I always thought that a mythological bird that was constantly regenerating was kind of cool. The phoenix, rising from the ashes, seemed indestructible. Perpetual renewal, while remaining itself to its very core.
The Arizona city, on the other hand, is a very different creature, and while there appears to be constant growth, the city seems to spread without any true core. And within Phoenix, the heat does burn.
Phoenix seems to comprise several suburbs, including Scottsdale, Mesa, Gilbert, Tempe, Glendale, Chandler, Goodyear, and Litchfield Park. The heart of Phoenix, which seems to house the area's only multi-storied buildings, takes a small section of real estate that is surrounded by highways 10 and 17. It's a fraction of the size of Ottawa's Centretown region, with fewer tall buildings.
The suburbs, to me, seem to take the same layout of small, single-storied buildings (a few have two levels) on street blocks that are sheltered by palm and other trees that try to conceal the existence of structures. I found it difficult to tell the difference between Mesa and Scottsdale, between Gilbert and Chandler. And the sprawl is so vast that it seemed like it took a half an hour, or more, to drive anywhere.
Luckily, we were in Phoenix to visit family, and for the first four days, that's exactly what we did. DW's brother lives in Goodyear, on the far-west side of Phoenix, not far from Luke Air Force Base, from which we could see F-16 fighter jets taking off. On our first day, as our girls were adjusting from the time shift and from a late flight, they hung out with their cousins while my brother-in-law, sister-in-law, and eldest nephew took us on a drive around the neighbourhood to give us a lay of the land. We also stopped at Verrado Trail, where we got our first taste of the Arizona desert landscape.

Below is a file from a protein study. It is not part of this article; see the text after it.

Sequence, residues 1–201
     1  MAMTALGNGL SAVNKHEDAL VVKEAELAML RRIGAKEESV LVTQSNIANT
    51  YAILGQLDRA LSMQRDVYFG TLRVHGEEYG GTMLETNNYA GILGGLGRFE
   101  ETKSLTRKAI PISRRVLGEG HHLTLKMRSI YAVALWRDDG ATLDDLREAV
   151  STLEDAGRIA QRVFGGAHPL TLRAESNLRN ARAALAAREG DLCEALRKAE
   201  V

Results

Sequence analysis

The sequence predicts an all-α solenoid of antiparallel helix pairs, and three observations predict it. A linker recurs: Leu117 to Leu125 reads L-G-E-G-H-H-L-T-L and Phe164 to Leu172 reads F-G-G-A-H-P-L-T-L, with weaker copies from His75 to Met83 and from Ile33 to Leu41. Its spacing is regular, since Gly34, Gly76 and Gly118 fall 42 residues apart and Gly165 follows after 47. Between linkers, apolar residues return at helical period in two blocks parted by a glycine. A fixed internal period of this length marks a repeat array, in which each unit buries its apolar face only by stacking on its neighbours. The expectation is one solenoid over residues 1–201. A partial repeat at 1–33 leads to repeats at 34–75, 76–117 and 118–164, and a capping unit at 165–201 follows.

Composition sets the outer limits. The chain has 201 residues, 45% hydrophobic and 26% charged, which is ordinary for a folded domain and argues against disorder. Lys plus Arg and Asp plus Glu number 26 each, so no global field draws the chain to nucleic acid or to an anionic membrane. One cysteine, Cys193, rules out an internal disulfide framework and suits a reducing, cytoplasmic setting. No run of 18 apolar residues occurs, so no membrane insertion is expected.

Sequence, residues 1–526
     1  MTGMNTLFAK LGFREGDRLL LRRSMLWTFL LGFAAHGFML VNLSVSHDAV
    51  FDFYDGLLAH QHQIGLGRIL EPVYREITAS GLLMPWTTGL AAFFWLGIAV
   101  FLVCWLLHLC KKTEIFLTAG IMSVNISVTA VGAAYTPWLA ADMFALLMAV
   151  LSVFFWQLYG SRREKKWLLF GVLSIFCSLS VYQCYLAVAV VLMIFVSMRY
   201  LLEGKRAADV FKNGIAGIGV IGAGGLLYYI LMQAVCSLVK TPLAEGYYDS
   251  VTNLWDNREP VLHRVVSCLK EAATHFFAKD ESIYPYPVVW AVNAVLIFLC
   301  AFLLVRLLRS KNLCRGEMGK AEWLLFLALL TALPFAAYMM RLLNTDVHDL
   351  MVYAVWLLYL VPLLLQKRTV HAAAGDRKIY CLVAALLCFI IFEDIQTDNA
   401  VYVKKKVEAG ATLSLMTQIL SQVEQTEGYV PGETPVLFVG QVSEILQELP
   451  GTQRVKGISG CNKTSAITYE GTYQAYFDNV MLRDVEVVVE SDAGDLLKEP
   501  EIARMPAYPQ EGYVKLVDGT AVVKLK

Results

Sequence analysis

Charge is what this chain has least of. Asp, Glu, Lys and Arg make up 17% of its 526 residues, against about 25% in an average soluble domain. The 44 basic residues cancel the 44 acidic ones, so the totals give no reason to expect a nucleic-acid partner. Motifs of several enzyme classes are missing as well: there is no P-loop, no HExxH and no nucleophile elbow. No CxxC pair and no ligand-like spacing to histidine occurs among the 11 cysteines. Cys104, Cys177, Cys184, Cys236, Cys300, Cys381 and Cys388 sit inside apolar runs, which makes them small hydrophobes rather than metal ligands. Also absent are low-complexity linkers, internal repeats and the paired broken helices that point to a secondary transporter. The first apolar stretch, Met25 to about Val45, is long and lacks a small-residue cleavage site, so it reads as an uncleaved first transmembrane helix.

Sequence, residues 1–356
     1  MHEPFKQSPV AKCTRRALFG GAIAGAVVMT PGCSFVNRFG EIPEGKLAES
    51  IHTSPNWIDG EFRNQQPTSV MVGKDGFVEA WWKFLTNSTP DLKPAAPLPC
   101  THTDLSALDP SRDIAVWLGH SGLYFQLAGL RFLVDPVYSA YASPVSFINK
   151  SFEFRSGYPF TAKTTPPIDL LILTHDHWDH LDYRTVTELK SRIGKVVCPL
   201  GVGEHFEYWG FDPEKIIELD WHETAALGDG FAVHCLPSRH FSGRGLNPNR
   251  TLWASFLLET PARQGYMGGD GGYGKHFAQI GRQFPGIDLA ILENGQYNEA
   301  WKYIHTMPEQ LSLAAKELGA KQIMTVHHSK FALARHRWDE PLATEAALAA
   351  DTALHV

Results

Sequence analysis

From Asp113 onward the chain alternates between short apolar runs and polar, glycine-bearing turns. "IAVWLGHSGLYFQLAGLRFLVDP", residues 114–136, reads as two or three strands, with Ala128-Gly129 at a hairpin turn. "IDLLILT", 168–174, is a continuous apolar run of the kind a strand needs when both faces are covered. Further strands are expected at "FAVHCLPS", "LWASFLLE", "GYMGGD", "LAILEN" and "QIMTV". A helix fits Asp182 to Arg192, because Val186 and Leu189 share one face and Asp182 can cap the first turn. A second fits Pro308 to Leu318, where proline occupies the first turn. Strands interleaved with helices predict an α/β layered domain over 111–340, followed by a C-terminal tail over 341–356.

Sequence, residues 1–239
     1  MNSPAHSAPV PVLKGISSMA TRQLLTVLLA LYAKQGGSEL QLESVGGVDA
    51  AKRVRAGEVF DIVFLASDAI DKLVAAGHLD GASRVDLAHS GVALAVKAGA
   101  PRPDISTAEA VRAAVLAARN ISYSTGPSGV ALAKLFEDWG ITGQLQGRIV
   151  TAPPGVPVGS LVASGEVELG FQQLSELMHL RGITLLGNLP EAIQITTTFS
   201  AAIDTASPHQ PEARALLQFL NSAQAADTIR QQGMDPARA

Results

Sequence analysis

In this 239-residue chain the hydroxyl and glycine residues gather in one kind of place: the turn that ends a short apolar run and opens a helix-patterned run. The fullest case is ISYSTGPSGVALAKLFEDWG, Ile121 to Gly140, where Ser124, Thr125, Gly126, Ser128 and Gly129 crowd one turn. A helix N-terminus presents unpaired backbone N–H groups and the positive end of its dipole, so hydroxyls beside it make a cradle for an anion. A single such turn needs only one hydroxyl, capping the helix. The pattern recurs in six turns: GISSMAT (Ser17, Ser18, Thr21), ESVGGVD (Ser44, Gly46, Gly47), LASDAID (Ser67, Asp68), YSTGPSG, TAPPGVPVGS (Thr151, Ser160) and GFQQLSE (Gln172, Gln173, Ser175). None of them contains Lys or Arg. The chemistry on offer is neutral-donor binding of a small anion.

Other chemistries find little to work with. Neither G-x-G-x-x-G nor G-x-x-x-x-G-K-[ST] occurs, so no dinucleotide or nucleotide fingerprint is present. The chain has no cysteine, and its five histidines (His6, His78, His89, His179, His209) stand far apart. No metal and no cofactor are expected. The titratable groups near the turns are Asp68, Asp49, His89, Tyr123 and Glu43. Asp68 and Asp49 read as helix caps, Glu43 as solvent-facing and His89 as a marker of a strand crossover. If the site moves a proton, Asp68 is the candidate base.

It was my first photo opportunity, so I took it.
Our second full day put our bodies to the test, as we climbed Camelback Mountain. What DW and I thought would be a leisurely hike became a challenging excursion, as we negotiated rocks and steep climbs. At the two-third to three-quarter mark toward the summit, my wife and I both felt like giving up, but her brother, a fit Scouts leader, urged us on.
Our fears, once we reached the summit, turned towards the descent, but at least the view was breathtaking.
I have to hand it to my brother-in-law. He got us to push ourselves and he brought the tools for our return to the base of the hill—walking sticks. Without one to lean on, I doubt I would have made it down in one piece.
Lessons learned were to not carry my full camera bag—to only take what I needed for the day—and to make sure we carried enough water. The dry Arizona heat is a killer.
It took a full day to recover from the climb up and down Camelback Mountain, but we filled our time with a visit to the Musical Instrument Museum, some shopping, dining, and relaxing in the backyard swimming pool.
Phoenix is not one of my favourite cities. I don't like the layout, how it's spread so far when it could be built up without obscuring the mountainous landscape. For me, the main attraction is family. Without them, I doubt that I would ever consider returning.
On our fifth day in Arizona, we said goodbye to my brother-in-law's family and headed north, almost to the Utah border, where we turned more to the photography element of our trip. Page is a small town with an almost alien landscape, and it is home to a photographer's Mecca: the Antelope Canyons and Horseshoe Bend.
For tomorrow's Wordless Wednesday, I'll take you through a hallowed site, where I was led by a Navajo guide on a journey of colour and shapes, and a peace that emanates throughout.